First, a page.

Honey-collecting in prehistoric West Africa from 3500 years ago

Julie B Dunne*, A Höhn, G Franke, K Neumann, P Breunig, Toby Gillard, Caitlin Walton-Doyle, Richard P Evershed

*Corresponding author for this work

Research output: Contribution to journalArticle (Academic Journal)peer-review


Honey and other bee products were likely a sought-after foodstuff for much of human history, with direct chemical evidence for beeswax identified in prehistoric ceramic vessels from Europe, the Near East and Mediterranean North Africa, from the 7th millennium BC. Historical and ethnographic literature from across Africa suggests bee products, honey and larvae, had considerable importance both as a food source and in the making of honey-based drinks. To investigate this, we carried out lipid residue analysis of 458 prehistoric pottery vessels from the Nok culture, Nigeria, West Africa, an area where early farmers and foragers co-existed. Complex lipid distributions, comprising n-alkanes, n-alkanoic acids and fatty acyl wax esters, provide direct chemical evidence of bee product exploitation and processing, likely including honey-collecting, in over one third of lipid-yielding Nok ceramic vessels, These findings highlight the likely importance of honey collecting in an early farming context, around 3500 years ago, in West Africa.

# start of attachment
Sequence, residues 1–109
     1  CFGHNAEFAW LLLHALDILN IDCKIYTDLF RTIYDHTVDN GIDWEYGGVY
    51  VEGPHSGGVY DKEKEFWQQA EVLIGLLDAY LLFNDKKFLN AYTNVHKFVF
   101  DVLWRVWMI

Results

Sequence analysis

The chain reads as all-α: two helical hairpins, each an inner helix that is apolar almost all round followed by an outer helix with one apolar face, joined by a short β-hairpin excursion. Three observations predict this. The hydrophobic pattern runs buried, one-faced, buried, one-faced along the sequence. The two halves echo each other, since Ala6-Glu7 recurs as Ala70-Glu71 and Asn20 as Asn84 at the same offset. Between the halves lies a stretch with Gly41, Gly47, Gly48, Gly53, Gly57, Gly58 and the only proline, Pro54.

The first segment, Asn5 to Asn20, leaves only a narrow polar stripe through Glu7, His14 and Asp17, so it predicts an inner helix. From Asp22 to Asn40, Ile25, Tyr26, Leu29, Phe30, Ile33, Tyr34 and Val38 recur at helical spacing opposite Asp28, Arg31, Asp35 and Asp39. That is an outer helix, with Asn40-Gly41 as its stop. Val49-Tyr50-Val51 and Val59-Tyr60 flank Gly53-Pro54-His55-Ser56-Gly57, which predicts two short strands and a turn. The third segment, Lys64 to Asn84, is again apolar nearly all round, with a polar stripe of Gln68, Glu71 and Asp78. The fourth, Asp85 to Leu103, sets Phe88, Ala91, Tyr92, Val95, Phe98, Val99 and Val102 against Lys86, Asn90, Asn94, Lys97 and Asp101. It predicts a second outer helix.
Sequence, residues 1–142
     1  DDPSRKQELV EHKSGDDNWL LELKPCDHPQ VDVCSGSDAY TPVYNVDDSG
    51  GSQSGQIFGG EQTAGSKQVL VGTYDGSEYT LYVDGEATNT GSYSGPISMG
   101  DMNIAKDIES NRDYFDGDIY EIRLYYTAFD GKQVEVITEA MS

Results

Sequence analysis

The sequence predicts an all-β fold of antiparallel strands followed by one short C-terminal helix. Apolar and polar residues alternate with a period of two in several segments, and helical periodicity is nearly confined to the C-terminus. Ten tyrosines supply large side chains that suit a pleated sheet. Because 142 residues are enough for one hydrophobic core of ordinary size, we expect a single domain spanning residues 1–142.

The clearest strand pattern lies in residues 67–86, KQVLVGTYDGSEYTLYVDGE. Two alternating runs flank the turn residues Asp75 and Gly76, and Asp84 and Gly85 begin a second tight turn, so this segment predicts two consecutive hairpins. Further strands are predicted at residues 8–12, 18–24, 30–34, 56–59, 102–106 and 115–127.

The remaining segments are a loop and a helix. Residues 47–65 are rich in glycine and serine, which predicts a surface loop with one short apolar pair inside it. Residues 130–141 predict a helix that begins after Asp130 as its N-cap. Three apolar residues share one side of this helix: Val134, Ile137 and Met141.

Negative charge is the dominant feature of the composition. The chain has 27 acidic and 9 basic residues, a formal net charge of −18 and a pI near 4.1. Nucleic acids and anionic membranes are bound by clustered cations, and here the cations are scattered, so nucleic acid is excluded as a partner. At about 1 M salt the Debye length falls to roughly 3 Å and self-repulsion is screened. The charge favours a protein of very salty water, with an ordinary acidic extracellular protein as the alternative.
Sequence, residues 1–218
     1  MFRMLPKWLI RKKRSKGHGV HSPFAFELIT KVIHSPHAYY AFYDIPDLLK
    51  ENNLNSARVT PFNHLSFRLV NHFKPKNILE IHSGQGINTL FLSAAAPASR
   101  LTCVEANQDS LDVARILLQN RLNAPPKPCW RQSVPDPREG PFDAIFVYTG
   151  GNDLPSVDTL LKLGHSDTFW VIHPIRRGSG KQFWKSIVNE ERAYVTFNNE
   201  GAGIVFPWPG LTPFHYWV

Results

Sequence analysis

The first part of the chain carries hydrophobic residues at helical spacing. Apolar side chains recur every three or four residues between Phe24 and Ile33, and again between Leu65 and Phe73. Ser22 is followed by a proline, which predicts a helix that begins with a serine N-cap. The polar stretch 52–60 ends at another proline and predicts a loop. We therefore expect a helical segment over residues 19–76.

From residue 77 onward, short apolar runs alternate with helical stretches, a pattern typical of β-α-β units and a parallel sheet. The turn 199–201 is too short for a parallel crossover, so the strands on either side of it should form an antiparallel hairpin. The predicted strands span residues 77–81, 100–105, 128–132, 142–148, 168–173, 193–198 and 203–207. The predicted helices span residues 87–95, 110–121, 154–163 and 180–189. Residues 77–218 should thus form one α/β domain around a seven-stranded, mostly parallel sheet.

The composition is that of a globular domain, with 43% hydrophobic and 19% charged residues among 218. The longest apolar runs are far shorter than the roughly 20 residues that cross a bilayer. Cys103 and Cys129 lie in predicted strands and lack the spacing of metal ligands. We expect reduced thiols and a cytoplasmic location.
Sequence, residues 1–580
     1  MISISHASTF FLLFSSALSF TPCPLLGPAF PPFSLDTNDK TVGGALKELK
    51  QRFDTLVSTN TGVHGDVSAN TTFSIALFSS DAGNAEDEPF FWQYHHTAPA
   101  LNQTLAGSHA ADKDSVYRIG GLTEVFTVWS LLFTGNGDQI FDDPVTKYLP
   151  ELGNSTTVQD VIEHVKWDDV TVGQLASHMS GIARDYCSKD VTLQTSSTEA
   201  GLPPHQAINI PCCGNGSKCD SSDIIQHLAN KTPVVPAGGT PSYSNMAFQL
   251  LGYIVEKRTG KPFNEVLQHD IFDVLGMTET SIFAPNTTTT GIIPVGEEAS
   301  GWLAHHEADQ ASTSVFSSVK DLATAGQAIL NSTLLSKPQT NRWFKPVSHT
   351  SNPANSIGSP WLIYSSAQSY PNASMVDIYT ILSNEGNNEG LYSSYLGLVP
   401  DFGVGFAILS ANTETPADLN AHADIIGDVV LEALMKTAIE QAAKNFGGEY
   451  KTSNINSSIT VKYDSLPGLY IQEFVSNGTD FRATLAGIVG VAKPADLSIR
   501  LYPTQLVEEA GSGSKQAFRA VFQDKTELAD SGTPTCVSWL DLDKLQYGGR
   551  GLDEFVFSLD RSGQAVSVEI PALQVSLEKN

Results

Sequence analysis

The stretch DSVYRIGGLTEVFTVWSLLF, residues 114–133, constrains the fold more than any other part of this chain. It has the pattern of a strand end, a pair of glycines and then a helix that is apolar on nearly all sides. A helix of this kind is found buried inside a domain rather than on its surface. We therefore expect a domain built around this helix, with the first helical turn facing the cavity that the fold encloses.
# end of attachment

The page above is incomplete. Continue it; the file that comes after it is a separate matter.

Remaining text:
Original languageEnglish
JournalNature Communications
Publication statusAccepted/In press - 10 Feb 2021

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